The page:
The new rules of engagement

An omnichannel approach to customer engagement is now expected. Modern customers look for seamless experiences – regardless of the device or communication channels they choose – and businesses need to provide them. But with customers using a growing variety of communication channels, businesses need unified platforms to manage their complex, multichannel communications.

These platforms not only provide simplicity, but they also help deliver more consistent and personalised experiences to customers – on whatever channels they prefer – from initial contact with a brand to after-sales service.

Customer interactions on digital platforms are increasing in volume, which makes it even more difficult for companies trying to cut costs while maintaining the meaningful customer interactions essential to relational business. From sales to customer service, efficient engagement now requires a blend of human and machine intelligence.

Chatbots have become one of the most cost-effective tools to provide personalised interactions at scale as they are able to identify specific customer requirements and resolve simple tasks in real time before human agents need to take over. Marketing and customer service can become more automated and integrated into other back-end systems, such as customer relationship management platforms.

Technology is the enabler

Technological innovation has doubtlessly revolutionised the way we engage and interact with the modern-day customer. Technology makes it possible to take the next steps in customer experience, but at the same time causes high consumer expectations. When companies like Amazon can offer an effortless shopping experience, instant service, and personalisation, then every other retailer is also expected to. But it’s very difficult to accomplish this.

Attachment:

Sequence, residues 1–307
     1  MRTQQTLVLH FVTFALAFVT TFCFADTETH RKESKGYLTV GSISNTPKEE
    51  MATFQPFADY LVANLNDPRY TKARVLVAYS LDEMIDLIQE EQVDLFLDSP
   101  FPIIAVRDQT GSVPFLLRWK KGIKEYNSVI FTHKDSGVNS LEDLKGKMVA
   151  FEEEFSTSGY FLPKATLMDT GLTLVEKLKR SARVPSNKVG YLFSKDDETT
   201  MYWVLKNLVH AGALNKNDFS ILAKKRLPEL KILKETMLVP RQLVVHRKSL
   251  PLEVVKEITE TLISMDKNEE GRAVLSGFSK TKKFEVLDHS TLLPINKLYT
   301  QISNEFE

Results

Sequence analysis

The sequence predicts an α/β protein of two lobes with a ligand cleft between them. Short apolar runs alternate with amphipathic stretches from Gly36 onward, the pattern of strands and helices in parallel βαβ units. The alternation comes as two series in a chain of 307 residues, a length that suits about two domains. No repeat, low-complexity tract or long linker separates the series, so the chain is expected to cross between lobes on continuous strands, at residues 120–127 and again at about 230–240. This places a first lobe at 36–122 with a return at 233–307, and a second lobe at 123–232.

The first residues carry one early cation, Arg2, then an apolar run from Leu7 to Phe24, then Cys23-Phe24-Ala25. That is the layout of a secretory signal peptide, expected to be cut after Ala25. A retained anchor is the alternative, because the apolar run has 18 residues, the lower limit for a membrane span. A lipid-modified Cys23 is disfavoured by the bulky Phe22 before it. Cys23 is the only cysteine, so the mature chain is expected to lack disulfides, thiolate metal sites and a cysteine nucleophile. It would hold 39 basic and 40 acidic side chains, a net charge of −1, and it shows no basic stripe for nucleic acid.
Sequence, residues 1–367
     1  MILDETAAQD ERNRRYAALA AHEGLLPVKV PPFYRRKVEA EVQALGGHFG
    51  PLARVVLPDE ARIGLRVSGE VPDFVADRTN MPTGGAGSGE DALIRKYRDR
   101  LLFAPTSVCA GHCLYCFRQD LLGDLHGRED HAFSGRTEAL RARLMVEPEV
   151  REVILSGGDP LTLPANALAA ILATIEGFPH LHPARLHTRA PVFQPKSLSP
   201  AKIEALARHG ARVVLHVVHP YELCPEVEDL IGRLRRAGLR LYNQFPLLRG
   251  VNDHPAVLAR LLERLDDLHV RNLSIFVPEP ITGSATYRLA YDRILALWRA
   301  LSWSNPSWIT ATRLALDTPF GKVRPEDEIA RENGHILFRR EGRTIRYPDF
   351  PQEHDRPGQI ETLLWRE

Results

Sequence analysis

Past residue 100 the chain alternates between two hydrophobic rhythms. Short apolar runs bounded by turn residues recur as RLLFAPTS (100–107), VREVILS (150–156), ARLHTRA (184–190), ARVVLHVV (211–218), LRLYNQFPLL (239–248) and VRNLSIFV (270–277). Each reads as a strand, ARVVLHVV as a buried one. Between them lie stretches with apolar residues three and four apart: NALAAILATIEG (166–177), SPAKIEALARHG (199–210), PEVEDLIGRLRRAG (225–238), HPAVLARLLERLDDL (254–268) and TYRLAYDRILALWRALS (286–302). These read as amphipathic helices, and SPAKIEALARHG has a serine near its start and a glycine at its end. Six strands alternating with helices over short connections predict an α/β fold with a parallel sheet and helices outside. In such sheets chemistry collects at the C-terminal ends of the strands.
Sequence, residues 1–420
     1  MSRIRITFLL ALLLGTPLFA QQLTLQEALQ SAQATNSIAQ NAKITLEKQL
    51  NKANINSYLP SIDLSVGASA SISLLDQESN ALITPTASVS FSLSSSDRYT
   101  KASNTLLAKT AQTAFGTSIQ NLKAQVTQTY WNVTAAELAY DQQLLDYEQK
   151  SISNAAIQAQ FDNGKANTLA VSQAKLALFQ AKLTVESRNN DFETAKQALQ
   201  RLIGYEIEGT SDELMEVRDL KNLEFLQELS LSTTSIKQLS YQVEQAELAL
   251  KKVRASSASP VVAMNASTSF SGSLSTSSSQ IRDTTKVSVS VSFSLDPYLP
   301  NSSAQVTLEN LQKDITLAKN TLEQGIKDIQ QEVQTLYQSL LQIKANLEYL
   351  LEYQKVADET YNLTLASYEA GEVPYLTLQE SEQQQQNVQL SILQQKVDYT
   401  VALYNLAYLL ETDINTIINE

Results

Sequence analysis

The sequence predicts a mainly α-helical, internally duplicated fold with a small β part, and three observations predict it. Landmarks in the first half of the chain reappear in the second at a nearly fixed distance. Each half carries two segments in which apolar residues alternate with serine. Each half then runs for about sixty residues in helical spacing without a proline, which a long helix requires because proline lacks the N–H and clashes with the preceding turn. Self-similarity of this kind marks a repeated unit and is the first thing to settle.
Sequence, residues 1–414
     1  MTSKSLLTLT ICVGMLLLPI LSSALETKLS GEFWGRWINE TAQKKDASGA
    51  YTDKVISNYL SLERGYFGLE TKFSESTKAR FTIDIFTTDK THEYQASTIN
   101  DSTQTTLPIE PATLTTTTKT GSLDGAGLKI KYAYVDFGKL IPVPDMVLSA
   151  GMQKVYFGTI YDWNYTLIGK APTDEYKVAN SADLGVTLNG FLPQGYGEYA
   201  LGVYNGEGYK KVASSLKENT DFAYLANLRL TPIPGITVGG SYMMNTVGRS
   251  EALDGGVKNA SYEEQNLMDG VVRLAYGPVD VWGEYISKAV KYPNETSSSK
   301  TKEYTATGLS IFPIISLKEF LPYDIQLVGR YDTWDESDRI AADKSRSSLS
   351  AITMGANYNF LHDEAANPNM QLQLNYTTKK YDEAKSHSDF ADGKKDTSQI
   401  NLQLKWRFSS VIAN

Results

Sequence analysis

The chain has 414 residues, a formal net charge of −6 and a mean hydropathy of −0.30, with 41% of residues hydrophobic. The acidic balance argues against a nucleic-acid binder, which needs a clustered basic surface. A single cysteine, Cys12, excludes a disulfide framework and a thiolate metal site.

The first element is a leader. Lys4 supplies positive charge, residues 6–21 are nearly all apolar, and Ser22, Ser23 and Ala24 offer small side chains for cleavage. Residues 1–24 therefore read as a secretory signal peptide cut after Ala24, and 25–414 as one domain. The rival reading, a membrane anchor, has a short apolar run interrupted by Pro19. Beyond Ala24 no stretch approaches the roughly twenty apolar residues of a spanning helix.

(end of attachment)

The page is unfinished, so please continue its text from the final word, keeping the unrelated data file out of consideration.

Organisations therefore need to reimagine the value they create for their customers through enhanced technological capabilities. Doing so will enable them to deliver truly personalised experiences effectively and at scale across different channels and all stages of the customer journey.

And by nurturing relationships with customers, rather than simply taking a transactional approach, businesses can drive revenue and keep customers coming back for more. Short-term wins are no longer enough, and even small improvements in customer relationships can provide a competitive advantage – especially as these relationships grow over the long term.

Relational business models create opportunities to turn customers into word-of-mouth advocates, and generate valuable customer insights that can drive better product development. Ultimately, businesses need to invest in technologies that will empower them to meet – or exceed – the expectations of modern customers. Those who do, will be the ones setting themselves up for future success.